Incredible response, thank you! I wasn’t initially able to reproduce it with a smaller test file, but I’ve just figured it out! It is attached. There is a comment in the attached file.

Additional updates:

You were right, there is a comment in the trace

2023-02-17T16:29:29.799-0800 [WARN]  Provider "" produced an invalid plan for aws_iam_role.user["user1"], but we are tolerating it because it is using the legacy plugin SDK.
    The following problems may be the cause of any confusing errors from downstream operations:
      - .force_detach_policies: planned value cty.False for a non-computed attribute

though it’s not obvious to me if that is the culprit.

I also found that, after testing it with aws_iam_role_policy_attachment instead of managed_policy_arns on the role resource, that the state gets a little confused about its managed_policy_arns attribute:

  1. Removing the managed_policy_arns while adding the aws_iam_role_policy_attachment resulted in no changes on the role resource.
  2. After applying and fetching state, the managed_policy_arns attribute is still populated, even though it is not configured in the role resource. There are no additional changes on subsequent plans.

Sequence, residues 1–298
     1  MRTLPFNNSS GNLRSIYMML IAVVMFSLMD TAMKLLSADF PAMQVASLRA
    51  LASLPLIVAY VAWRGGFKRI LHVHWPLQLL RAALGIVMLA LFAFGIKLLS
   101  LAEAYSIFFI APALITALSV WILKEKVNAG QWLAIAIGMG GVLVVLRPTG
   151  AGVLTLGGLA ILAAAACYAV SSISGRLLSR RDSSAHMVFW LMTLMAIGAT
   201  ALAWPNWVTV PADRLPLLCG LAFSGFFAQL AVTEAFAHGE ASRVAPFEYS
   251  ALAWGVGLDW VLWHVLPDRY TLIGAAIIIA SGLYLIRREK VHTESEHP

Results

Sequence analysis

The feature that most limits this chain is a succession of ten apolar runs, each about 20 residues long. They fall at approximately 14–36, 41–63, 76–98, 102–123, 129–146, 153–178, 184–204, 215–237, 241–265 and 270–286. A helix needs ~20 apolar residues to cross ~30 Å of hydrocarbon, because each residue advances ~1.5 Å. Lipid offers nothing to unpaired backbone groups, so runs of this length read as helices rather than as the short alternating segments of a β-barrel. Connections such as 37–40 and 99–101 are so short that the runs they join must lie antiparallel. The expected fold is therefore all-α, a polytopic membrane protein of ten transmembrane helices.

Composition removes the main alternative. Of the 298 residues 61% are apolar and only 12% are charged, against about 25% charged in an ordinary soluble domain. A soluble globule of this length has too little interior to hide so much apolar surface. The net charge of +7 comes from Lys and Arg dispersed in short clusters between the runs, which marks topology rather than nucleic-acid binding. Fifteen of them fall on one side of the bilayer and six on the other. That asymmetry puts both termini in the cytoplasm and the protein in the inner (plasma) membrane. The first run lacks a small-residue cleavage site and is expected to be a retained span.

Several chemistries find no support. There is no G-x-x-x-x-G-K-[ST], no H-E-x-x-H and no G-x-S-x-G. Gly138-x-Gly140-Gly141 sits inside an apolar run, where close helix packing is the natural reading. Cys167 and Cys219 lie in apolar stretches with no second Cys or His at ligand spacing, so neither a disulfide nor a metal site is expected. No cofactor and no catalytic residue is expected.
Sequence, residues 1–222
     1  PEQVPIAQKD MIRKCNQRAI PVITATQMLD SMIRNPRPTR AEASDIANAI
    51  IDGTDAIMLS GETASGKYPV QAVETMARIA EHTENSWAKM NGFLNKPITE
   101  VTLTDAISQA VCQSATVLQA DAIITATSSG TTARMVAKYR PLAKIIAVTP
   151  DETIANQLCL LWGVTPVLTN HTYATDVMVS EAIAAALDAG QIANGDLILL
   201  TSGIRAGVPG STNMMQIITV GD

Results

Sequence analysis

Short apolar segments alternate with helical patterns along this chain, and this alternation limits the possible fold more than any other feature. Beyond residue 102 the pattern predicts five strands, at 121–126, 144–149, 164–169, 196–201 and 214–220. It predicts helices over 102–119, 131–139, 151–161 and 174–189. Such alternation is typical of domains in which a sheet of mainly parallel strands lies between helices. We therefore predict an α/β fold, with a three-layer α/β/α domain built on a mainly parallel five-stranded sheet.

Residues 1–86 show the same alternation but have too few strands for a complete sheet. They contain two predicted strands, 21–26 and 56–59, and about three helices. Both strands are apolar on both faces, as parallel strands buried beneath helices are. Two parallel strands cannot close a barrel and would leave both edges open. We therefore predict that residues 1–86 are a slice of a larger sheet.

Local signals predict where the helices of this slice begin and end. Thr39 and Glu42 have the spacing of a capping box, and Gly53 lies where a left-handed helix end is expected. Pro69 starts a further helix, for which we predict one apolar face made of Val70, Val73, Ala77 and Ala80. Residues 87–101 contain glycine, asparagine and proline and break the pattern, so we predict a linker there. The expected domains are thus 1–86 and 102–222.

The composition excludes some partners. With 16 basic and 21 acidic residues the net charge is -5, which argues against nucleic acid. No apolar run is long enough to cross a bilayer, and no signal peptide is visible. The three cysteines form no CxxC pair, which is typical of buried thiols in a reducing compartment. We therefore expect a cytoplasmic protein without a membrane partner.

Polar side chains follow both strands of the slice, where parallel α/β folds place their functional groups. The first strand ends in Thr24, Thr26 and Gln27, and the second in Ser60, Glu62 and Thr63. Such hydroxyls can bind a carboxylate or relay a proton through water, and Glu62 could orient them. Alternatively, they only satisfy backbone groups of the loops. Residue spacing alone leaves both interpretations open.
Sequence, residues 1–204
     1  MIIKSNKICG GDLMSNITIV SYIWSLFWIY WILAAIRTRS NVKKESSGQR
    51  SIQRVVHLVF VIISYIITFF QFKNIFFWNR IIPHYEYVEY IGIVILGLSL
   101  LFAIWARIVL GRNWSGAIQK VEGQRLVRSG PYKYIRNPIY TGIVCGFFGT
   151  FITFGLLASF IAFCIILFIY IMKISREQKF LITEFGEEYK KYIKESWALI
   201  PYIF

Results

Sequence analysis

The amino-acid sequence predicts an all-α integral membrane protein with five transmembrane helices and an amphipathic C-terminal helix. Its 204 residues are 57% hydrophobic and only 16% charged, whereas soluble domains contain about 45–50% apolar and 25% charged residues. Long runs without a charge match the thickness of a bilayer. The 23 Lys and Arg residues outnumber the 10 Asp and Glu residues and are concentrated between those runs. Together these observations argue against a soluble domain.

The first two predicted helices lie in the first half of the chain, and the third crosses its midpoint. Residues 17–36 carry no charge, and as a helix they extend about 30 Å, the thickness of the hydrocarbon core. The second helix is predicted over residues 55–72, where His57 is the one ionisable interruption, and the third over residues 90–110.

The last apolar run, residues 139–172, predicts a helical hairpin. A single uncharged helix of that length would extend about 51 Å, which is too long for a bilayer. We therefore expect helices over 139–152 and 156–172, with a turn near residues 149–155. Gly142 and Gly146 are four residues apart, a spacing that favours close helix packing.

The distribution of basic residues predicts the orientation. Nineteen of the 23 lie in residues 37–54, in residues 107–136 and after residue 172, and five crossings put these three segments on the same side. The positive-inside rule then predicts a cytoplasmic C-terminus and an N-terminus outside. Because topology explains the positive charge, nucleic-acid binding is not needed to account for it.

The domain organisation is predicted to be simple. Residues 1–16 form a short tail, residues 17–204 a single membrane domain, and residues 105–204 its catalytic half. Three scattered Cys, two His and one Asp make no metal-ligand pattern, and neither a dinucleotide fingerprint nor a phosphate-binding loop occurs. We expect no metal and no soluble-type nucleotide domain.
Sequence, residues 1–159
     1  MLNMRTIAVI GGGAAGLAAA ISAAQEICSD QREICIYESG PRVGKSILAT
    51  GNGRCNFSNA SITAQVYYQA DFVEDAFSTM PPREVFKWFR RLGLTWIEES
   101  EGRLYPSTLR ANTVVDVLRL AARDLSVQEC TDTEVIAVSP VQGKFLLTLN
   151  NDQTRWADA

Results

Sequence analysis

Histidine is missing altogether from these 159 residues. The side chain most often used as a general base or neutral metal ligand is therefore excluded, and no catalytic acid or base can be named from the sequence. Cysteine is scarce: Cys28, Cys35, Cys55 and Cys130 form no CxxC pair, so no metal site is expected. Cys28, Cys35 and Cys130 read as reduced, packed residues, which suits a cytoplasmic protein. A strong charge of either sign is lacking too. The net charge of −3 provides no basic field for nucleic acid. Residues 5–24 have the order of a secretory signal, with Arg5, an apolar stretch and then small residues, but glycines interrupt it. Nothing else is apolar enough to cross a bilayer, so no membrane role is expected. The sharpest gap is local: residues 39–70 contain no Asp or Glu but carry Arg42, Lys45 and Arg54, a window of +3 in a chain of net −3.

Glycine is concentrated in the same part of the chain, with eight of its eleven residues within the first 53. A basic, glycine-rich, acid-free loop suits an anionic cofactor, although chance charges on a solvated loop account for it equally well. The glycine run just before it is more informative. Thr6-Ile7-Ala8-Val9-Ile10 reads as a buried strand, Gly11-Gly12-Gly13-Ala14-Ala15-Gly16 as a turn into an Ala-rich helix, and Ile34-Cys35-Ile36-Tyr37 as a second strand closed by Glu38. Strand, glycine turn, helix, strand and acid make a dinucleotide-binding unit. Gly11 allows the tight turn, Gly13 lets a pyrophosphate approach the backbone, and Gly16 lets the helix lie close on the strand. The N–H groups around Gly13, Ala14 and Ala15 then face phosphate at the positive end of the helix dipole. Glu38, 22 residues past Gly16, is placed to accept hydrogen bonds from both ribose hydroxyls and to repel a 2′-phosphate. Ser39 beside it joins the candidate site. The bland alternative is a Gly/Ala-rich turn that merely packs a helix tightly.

3. If I create a new user in this setup the managed_policy_arns is empty (as expected) even though the existing users still have some.

Anyway I don’t want to muddle this with a second issue, if it’s not related! I hope the attached example makes it pretty clear. I put a comment in there “THIS IS IT” to indicate the line that should be changed.

  1. Plan and apply as is
  2. Uncomment the marked line and plan, see the issue I’m describing
  3. Apply that and plan again, see further pending changes

Thank you, Martin! You are a legend. (3.3 KB)

Hi @lordbyron,

Indeed, that “tolerating” warning seems like one of the expected ones. It results from the fact that Terraform v0.11 didn’t have a concept of null and so the SDK represented the absense of an argument by setting it to some “zero value” of the designated type, which for a boolean value would be false as we see here. (cty.False is Terraform’s internal representation of false). So this is just the old SDK used by this resource type swapping false where Terraform Core expected to see null, but in practice that’s harmless and just a weird historical quirk.